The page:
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Apollo carrotts

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  • Geoff Willmetts
    From: probe_control@yahoogroups.com on behalf of lambulambu (LambuLambu@aol.com) Sent: 22 September 2010 16:28:27 To: probe_control@yahoogroups.com You re
    Message 1 of 40 , Sep 22, 2010
      From:
      probe_control@yahoogroups.com on behalf of lambulambu (LambuLambu@...)

      Sent:
      22 September 2010 16:28:27

      To:
      probe_control@yahoogroups.com








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      Hey, Geoff,

      Interesting about your hot weather a week after an Apollo launch. Over here it seemed like we had almost a solid week of rain after such a launch. I always attributed it to the liquid H2 and O2 used as the fuel - mixing together with a propulsion byproduct of, well, lots of water - hence the rain. I'm sure there was more to it, but no one was able to give a rational explanation for the odd post launch weather.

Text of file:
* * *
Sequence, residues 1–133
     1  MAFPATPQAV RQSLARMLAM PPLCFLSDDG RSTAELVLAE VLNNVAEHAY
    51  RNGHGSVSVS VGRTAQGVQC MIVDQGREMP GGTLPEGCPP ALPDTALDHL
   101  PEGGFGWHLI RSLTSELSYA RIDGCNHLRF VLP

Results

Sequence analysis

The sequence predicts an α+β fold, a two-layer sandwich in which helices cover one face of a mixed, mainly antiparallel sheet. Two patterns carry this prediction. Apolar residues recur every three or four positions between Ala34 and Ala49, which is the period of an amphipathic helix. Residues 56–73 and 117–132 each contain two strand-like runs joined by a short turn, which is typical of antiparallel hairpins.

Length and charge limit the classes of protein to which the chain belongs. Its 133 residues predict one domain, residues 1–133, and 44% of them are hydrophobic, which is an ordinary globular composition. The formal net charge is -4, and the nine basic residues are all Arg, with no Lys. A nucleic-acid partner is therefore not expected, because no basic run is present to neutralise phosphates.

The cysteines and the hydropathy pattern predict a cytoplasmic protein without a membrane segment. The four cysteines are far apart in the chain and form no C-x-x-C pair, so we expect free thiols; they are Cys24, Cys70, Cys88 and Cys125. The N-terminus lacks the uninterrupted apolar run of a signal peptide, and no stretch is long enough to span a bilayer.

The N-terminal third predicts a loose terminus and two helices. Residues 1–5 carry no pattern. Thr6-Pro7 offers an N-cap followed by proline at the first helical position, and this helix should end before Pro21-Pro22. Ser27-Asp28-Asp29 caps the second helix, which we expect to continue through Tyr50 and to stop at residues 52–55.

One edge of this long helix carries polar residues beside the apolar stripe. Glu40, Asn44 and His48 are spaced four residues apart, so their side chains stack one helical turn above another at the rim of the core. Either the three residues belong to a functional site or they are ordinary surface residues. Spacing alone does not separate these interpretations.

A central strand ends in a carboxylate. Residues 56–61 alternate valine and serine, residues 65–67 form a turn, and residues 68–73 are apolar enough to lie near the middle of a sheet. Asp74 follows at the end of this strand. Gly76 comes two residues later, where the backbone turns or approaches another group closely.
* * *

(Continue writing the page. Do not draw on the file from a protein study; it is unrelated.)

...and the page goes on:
Years ago, in the early '90s when I was aboard the Cutter Harriet lane, we spend almost three solid years sailing between Haiti and Guantanamo Bay (Gitmo) dealing with the migration crisis. I almost had no winters for three years, with the average Gitmo temp being 98F with Caribbean humidity. By the time I transferred off of the Lane I was able to stand on her flight deck, in Gitmo, in July at high noon when we held Quarters, and I could wear my "Onslo" jacket and not sweat. (Onslo being from "Keeping Up Appearances" and his heavy olive green foul weather jacket.) After the Lane I worked at what was COMDAC (COMmand, Display And Control) Support Facility. This was like a cryogenic chamber and I nearly froze to death - the average building temp was 55-60F. The labs were even colder. So between the Lane and COMDAC I had my metabolism destroyed. Now my comfort zone is between 70 and 80F: below that I feel a chill; above that I sweat various bits of my anatomy off.